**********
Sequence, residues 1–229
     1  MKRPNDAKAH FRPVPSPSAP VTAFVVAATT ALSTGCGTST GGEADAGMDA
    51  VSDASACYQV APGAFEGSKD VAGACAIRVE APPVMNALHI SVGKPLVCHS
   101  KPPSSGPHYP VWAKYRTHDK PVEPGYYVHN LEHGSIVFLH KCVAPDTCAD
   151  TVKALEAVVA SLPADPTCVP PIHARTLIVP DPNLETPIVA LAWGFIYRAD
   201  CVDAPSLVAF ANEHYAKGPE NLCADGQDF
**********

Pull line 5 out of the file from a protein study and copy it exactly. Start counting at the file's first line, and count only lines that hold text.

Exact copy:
   151  TVKALEAVVA SLPADPTCVP PIHARTLIVP DPNLETPIVA LAWGFIYRAD